MediaMay 24, 2024

The media is in crisis… and I just bought a magazine


When the publisher of NZ Lifestyle Block announced it was closing down, its editor had a scary decision to make. Michael Andrew tells what happened next.

At three in the morning a few months ago, I sat at my desk with two windows open on my computer. One was a seek.co.nz listing for a generic communications role, and the other was a news story about how the rising costs of paper and postage was crippling the magazine industry.

Neither window made for inspiring reading, yet they somehow seemed to balance each other out, neutralising the anxiety that had been bubbling in my bowels since my bosses had told me, a few weeks earlier, they were closing their publishing business. The costs were too high, the revenue too low, they said. Their stable of magazines, including the one I edit – New Zealand Lifestyle Block – would cease publication and I would be out of a job that I loved.

Unless I purchased the magazine.

NZ Lifestyle Block has a core focus on keeping animals, growing food and regenerating the land. (Photo: Cassandra Sharp)

I didn’t have long to decide. I spent the following few weeks in a frenzy of research, speaking with as many people I could, trying to determine the wisest course of action.

With a mortgage to pay and a young family to support, there were plenty of financial implications riding on the decision. But it all boiled down to two choices, represented by the windows open on my computer: the first being made redundant and competing with hundreds of journalists for a few prosaic yet stable jobs, and the second becoming a publisher of a beloved little magazine in the middle of a media crisis.

Both courses had their challenges, yet the advice of my friends, family members and mentors was unanimous in its assessment: with these big life decisions, it’s better to follow passion over prudence. A week later, I signed the contract and bought the magazine, continuing the epic journey of discovery that I’d been on for the past two years.

It’s difficult to describe just how much I’ve enjoyed working as editor of NZ Lifestyle Block. When I started in 2022, I didn’t quite know what the magazine’s mission was. My wife and I had just purchased 2.5 acres of bare land in the Waikato, on which we’d hopefully one day build our first home when we’d saved enough money. At the very least, the job would provide me with an abundant stream of knowledge about how to grow food, manage my resources efficiently, and be a responsible custodian of the land.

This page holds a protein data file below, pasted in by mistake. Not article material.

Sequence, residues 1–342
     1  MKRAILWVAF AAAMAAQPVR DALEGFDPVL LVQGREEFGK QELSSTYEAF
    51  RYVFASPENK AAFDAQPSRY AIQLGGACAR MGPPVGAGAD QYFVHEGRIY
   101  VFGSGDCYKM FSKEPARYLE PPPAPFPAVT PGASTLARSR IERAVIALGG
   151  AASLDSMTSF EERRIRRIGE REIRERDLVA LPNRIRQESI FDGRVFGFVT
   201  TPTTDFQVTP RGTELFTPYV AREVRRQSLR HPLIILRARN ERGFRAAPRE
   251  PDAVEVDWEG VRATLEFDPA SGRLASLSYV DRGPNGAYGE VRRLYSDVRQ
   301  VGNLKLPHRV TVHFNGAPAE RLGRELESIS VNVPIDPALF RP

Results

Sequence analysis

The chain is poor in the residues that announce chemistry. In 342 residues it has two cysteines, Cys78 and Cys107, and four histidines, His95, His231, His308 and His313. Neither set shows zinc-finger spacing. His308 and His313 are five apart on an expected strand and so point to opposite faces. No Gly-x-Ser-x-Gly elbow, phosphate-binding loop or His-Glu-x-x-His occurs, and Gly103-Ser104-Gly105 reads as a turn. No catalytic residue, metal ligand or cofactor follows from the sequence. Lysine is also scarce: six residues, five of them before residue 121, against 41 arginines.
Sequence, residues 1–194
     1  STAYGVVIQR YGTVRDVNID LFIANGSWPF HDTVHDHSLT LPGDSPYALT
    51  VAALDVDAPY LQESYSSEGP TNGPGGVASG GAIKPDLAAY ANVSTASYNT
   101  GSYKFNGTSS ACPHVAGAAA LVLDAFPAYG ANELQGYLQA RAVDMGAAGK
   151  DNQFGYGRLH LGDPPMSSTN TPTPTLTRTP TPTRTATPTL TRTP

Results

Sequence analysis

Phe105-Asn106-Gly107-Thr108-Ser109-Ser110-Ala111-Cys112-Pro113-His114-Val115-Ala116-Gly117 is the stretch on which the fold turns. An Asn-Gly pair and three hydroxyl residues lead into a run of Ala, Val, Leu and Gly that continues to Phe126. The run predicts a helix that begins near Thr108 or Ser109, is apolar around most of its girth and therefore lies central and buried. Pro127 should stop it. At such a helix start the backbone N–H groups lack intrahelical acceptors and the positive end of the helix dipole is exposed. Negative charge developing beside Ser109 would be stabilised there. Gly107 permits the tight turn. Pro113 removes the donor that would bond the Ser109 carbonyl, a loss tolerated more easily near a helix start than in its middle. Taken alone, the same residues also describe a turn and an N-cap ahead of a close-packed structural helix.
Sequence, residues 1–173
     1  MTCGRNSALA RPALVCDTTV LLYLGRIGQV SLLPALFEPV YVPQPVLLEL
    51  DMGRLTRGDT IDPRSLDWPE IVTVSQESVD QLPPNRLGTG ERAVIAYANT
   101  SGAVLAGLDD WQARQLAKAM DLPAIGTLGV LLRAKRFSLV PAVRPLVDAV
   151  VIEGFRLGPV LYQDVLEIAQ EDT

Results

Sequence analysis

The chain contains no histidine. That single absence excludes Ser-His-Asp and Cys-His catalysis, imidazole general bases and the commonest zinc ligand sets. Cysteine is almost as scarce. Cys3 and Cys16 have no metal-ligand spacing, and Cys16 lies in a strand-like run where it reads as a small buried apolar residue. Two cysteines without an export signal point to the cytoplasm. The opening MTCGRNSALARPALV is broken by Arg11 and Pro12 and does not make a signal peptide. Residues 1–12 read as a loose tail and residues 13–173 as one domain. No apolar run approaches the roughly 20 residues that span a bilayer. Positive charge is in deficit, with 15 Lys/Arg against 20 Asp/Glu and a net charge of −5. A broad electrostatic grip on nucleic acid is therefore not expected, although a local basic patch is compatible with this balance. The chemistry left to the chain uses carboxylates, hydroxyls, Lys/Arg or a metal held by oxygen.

But with complete autonomy to own the magazine’s direction and ethos, I quickly discovered the unique position I was in to tap into a vibrant realm of untold stories from the remote rural nooks of New Zealand.

Photo: Francine Boer/NZ Lifestyle Block

One of the first things I learned is that “lifestyle block” is a vague and useless term. For many people, it evokes images of a super-sized property with a cookie cutter house, a pool and a huge bare lawn, packaged up in a perfect square on subdivided food-production land at the city fringe.

But I chose to interpret it differently, and cast the net far wider. Suddenly, I stepped into a world full of remarkable land and food-based initiatives and passion projects. Market gardeners, regenerative farmers, environmentalists, kaitiaki, homesteaders, earth builders, engineers, preppers and permaculturists – rural NZ is teeming with extraordinary people quietly accomplishing amazing feats of creativity and gumption in their paddocks, garages and gardens. Their stories became bread and butter for the magazine simply because of the small “lifestyle block” scale on which they operate.

We wrote about a Northland orchard whose mission is to provide easy-growing edible plants so that people can establish their own food systems, and another on a Wellington woman who leases farmland to produce ethically-raised meat to share with her community.